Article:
Liberal MP Chun Lu, who fled to Australia 44 years ago in search of freedom, now says the country he adopted is in danger of adopting a more authoritarian government.
The first Australian-Vietnamese MP in Victoria’s parliament, Lou’s family was among the thousands of refugees who fled communist Vietnam wearing nothing but their clothes after the fall of Saigon.
He recalled his family’s seven days and nights’ sea journeys on overcrowded and wrecked boats, under threat of pirates and water shortages.
“During our journey, we encountered pirates of the sea. They basically boarded your ship and took advantage of the situation. Depending on the situation, people may be killed and women raped.” he told the Epoch Times. [and] personal gem. ”
Lou and his family then ended up in a Malaysian refugee camp protected by a barbed wire fence. They spent six months in a shelter, with daily food delivered by the Red Cross, without access to televisions, air conditioning and sofas.
“Refugee camps back then were different than what we see on TV now,” he said. “Water was a problem…so basically men dig holes.”
“At the moment, there is nothing like apartments, condos, air-conditioned tents, etc.”
Fortunately, Luu’s family was among the refugees selected to emigrate to Australia. Upon arriving in a new country, they worked from scratch to build a better life.
Progress towards big government
Lou, who grew up in the western suburbs, said his desire to help others motivated him to join the Victorian Police and later enter politics.
But MPs said they were concerned that Australia was leaning toward a “more autocratic society”.
Such trends had already started before COVID-19, but until the pandemic hit, “the average person was more aware of it,” he said.
Luu said Melbourne is believed to have the longest lockdown in the world during the pandemic in Victoria, but if people challenged the COVID-19 orders, they would ” Ignored or canceled.”
“Whether people recognize it or not, it’s basically an autocratic style,” he said.
Another example of creeping authoritarianism is in government expansion, said a Vietnamese lawmaker.
“Governments are getting bigger and bigger…and so controlling even more.”
Policy wise, there has been a greater focus on large government projects and more encroachment on small businesses and private companies, Luu said.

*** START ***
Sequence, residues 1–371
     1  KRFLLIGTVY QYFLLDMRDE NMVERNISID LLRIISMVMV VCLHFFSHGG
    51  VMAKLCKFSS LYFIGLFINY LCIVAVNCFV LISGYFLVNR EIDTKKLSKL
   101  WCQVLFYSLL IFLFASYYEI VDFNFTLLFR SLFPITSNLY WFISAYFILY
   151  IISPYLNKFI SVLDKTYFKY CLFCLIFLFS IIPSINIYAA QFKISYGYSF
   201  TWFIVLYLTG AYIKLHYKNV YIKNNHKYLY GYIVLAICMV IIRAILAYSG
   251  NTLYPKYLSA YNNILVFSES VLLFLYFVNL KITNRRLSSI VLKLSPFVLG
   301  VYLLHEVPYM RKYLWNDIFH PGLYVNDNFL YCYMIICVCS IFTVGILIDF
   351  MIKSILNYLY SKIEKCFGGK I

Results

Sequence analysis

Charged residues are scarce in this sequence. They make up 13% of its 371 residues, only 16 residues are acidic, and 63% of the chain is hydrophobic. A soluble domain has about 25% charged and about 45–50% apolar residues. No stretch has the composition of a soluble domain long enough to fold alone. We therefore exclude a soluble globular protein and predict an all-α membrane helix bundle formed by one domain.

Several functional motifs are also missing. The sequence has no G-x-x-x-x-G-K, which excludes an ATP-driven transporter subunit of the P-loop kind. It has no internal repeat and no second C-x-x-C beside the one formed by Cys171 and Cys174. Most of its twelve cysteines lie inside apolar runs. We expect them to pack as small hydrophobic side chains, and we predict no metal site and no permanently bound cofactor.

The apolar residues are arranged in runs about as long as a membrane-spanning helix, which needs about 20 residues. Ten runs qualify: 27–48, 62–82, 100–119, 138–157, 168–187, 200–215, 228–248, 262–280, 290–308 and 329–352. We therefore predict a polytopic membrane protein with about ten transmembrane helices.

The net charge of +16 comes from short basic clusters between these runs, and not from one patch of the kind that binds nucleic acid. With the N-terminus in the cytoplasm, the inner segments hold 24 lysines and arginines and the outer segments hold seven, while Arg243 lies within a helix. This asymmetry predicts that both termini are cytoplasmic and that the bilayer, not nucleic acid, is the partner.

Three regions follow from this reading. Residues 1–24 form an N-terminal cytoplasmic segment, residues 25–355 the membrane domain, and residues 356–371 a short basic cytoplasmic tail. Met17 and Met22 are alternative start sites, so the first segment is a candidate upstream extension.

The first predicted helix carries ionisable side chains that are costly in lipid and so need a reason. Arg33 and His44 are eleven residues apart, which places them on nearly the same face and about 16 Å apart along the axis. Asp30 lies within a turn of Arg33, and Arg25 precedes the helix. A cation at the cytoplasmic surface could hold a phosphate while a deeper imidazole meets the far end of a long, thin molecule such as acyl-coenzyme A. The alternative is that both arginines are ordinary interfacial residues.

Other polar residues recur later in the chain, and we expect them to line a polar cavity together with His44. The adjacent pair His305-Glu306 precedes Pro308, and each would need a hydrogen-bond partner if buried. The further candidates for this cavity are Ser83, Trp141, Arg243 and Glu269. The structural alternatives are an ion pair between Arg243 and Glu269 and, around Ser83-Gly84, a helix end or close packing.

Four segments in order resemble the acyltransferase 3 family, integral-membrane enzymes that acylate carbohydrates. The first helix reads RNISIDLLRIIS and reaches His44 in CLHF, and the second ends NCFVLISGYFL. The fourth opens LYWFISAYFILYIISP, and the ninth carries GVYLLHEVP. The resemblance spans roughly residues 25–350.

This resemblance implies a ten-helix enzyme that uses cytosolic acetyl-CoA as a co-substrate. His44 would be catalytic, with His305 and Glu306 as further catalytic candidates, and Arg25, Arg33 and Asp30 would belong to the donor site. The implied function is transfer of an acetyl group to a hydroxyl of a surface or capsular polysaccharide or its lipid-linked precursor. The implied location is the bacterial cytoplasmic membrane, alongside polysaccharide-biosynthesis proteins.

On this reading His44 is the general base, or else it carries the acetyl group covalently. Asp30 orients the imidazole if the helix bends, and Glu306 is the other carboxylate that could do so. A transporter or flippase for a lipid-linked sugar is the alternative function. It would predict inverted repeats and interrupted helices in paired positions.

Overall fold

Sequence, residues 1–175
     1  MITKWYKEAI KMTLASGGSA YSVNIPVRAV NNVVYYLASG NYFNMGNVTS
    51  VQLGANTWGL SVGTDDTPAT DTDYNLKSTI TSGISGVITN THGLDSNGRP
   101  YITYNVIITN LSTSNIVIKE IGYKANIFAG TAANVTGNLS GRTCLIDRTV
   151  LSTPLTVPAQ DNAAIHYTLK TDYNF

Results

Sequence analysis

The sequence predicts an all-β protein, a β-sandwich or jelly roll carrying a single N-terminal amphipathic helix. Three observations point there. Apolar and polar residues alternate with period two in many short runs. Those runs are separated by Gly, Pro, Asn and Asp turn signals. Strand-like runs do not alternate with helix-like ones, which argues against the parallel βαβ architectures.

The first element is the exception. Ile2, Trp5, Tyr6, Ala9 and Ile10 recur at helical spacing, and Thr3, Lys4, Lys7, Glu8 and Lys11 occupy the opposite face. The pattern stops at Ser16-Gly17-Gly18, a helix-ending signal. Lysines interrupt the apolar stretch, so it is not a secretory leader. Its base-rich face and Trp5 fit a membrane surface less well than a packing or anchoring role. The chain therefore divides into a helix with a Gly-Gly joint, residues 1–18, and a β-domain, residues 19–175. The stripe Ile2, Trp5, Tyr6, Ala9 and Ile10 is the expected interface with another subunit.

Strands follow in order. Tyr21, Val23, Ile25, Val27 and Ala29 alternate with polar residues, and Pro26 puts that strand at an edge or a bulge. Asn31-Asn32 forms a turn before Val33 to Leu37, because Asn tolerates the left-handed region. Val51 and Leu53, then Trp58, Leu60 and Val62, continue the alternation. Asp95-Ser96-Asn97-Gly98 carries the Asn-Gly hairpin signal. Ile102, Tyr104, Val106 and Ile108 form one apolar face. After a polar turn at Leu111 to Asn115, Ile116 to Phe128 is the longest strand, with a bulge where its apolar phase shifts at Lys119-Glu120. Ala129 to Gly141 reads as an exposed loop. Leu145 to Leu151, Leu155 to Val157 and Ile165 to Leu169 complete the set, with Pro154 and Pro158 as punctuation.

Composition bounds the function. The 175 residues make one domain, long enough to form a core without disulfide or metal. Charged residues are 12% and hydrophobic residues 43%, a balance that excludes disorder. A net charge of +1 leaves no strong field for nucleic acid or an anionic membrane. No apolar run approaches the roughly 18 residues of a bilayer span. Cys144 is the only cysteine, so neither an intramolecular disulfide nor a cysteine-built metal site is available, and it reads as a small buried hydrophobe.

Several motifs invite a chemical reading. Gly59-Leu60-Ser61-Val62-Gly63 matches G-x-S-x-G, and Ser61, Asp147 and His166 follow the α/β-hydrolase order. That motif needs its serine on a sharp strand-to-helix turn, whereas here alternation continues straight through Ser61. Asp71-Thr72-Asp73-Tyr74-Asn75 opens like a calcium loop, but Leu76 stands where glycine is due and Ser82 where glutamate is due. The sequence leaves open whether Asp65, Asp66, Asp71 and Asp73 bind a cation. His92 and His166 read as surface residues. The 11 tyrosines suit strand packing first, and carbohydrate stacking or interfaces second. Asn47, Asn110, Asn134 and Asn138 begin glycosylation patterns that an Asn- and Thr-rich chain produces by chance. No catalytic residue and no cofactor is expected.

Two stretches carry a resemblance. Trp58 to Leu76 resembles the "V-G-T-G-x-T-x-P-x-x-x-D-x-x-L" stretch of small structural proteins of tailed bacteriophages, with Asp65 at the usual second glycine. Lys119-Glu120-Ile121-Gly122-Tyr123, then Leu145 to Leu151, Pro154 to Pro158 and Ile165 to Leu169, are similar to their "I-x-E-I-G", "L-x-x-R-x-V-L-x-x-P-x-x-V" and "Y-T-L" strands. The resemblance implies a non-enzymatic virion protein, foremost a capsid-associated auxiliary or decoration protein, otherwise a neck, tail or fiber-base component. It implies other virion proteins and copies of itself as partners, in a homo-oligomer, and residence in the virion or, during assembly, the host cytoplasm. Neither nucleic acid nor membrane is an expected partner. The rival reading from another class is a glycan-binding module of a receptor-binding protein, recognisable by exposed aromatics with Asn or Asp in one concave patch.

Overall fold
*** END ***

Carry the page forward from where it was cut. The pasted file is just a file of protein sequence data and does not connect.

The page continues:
Over the past decades, government budgets and tax revenues at the federal level have increased significantly, with spending on health care programs such as the National Disability Insurance System (NDIS), Elderly Care, and Medicare being the biggest drivers. .
NDIS costs are expected to rise by $500 million more this fiscal year compared to estimates made four months ago and exceed $50 billion by 2025-26.
Total government spending also expanded from 9% of the economy in 2000 to 22.3% in 2021, above the global average of 16.83%.
At the state level, the Victorian government last year announced an additional $12 billion a year for the health system and $21.6 billion for infrastructure investment.
“Government is a much bigger slice of the pie today,” said Danielle Wood, director of budget policy at the Grattan Institute in 2018.
The Victorian Small Business Commission declined to comment on the matter.
idealization of socialism
As a refugee from the communist dictatorship, Luu notes that there is a positive sentiment towards socialism and communism among Australian youth, who are often drawn to the idea of egalitarianism and wealth distribution. pointed out.
Similar rhetoric can be found in political discourse around climate protection mechanisms and the rise of new retirement pensions, where large corporations and wealthy individuals are subject to higher taxes.
“Billionaires and big business are not paying their fair share of tax,” Australia’s Green Party said on its website.
“The Green Party Taxes Billionairesto demand payment from large corporations making excessive profitsCorporate Super Profit TaxSubsidize billions of dollars to the coal, oil and gas giants causing the climate crisis and make profitable big companies pay back the job keepers they get. ”
“If they paid their fair share of taxes, everyone could have affordable housing and make dental and mental health care part of Medicare.”
Luu said the concept of an equal society is “great on paper” but doesn’t work in practice.
“Doing this kind of thing is really not good for society because no one wants to work and half of their salary goes to taxes,” he said.
“Politicians have kind of used this as a gimmick, but they don’t explain how it works, so people realize it only after it’s actually explained to them by the people involved. .”
“But you can’t blame the young people. They didn’t go through the war. They grew up in the country they were given,” he added, adding, “It’s not their fault, but you educate them.” It must be emphasized that